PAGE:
I meant to warn both sides, both those who want to substantiate David Cameron and those who want to indict him. Strange that the 15th century birth year of a renaissance painter should be so important in contemporary British politics but I suppose stranger things have happened. Sam Blacketer (talk) 15:31, 11 February 2009 (UTC)

Conservatives had just admitted changing the date. Rebel Redcoat (talk) 16:06, 11 February 2009 (UTC)

As the BBC says at --Rumping (talk) 16:22, 11 February 2009 (UTC)
The whole episode has made Brown and Cameron look like a right pair of Titians. Perhaps instead of debating the lifespan of a long dead artist, they should be doing something to help those hit hardest by their mutual love of big business economics. Riversider (talk) 16:36, 11 February 2009 (UTC)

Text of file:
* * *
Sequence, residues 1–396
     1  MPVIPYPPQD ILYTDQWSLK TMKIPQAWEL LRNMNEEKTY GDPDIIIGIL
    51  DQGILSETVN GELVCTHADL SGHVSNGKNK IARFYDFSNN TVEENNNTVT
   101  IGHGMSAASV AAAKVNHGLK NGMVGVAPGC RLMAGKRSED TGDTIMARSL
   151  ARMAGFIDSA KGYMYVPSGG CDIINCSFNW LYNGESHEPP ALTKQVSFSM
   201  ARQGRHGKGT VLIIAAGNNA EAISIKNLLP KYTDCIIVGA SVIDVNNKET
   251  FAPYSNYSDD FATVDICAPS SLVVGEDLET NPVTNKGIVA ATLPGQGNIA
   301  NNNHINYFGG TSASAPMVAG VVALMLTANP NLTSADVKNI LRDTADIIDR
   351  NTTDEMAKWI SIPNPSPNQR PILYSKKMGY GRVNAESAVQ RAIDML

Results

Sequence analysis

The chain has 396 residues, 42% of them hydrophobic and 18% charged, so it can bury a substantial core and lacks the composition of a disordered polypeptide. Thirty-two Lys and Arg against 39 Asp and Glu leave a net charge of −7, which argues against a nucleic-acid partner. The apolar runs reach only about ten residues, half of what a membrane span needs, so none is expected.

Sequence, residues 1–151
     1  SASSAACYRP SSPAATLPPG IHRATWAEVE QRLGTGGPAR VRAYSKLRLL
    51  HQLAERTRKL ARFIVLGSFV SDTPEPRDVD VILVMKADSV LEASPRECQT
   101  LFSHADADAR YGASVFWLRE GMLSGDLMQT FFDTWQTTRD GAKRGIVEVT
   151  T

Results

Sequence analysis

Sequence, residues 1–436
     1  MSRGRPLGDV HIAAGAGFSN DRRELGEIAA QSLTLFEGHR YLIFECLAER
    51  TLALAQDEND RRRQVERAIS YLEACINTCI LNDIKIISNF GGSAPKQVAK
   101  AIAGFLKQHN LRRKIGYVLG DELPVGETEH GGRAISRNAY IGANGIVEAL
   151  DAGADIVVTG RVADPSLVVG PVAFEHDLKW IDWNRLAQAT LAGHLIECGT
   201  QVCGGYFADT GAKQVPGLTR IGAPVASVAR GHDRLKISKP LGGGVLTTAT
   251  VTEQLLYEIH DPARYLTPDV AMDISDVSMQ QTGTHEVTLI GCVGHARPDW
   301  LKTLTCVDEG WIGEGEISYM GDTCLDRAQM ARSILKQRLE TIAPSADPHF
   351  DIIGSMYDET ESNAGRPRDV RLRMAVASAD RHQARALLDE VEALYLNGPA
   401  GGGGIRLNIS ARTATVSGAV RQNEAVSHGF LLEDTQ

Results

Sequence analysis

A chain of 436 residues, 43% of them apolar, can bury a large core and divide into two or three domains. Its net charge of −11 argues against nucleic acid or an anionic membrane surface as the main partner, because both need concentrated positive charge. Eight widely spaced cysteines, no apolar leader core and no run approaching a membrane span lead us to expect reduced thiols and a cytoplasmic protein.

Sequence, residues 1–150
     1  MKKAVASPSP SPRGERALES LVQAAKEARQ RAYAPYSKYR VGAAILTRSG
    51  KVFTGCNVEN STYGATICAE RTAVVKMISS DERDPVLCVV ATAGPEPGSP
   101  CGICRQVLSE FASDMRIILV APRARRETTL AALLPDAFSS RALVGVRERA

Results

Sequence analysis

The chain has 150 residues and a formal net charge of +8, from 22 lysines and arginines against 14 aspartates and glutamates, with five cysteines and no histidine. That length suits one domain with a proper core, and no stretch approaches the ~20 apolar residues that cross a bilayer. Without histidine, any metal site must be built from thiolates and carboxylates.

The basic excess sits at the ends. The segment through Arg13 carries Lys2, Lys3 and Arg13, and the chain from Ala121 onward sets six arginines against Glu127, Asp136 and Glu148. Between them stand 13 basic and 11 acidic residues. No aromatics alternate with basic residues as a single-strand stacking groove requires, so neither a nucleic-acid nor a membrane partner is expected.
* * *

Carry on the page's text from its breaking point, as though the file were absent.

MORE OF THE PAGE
It's true. They're (wait for it)... wiki-fiddling while Rome burns. (talk) 17:52, 11 February 2009 (UTC)

Is the political spat over his age really of any interest to someone reading about the artist? I'm inclined to just delete that last paragraph as being irrelevant to the subject, but I don't want to start an edit war. — PhilHibbs | talk 13:40, 12 February 2009 (UTC)

Year of Birth (conversation 2)[edit]

I read that he was born in approximately 1488, which would be more credible, considering the year of his death. Anglius 23:26, 1 June 2005 (UTC)

You should read this concerning Titian's age. Sure makes the "corrected" year of birth look poorly substantiated. —Preceding unsigned comment added by (talkcontribs) 23:30, 19 April 2006
  • I've looked him up in an old encyclopaedia and have the dates as 1477-1576. 99 years old. I don't think he was born in 1988 as Anglius has read. --Artypants (talk) 09:04, 12 February 2009 (UTC)
  • Anglius actually wrote 1488. "1988" was an edit made by an anonymous IP troll [5] yesterday evening. Jheald (talk) 09:48, 12 February 2009 (UTC)